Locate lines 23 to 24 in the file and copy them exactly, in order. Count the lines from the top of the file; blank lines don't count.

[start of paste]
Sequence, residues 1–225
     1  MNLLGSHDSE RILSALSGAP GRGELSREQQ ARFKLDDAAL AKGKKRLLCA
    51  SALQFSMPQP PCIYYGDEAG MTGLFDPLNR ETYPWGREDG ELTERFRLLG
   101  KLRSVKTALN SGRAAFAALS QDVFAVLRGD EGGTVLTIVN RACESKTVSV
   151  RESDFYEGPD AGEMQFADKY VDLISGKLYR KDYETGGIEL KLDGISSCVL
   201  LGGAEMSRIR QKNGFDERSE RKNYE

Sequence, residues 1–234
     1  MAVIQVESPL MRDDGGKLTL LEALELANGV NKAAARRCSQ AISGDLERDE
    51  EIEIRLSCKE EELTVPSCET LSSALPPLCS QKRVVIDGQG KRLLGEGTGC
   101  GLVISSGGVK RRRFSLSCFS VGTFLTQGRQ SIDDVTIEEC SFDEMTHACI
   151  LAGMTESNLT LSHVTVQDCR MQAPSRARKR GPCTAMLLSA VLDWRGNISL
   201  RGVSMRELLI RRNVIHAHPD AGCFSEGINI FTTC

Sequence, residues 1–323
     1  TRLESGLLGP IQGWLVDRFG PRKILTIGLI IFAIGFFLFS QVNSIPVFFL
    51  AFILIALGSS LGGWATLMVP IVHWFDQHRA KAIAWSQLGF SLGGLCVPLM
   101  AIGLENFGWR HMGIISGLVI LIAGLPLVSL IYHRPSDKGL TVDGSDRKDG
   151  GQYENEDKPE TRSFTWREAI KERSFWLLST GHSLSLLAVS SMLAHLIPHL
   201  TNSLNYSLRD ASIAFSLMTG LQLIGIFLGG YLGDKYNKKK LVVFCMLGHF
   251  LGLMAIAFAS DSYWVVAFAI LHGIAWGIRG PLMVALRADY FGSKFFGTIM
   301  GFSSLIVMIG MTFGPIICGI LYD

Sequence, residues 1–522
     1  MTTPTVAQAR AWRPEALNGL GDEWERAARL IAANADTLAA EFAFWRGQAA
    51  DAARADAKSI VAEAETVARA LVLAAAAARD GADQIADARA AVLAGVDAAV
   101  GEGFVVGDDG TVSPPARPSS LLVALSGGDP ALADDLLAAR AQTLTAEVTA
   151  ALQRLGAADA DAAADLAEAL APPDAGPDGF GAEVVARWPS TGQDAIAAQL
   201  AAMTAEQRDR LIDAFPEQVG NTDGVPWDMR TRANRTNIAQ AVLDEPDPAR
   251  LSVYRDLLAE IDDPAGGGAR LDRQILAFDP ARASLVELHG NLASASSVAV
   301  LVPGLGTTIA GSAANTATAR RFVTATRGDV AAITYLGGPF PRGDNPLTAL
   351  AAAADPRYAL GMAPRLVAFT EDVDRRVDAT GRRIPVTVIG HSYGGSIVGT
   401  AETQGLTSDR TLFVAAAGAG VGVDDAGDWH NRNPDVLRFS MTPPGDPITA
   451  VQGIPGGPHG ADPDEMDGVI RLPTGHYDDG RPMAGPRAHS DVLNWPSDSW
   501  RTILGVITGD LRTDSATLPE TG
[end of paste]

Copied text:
    51  DAARADAKSI VAEAETVARA LVLAAAAARD GADQIADARA AVLAGVDAAV
   101  GEGFVVGDDG TVSPPARPSS LLVALSGGDP ALADDLLAAR AQTLTAEVTA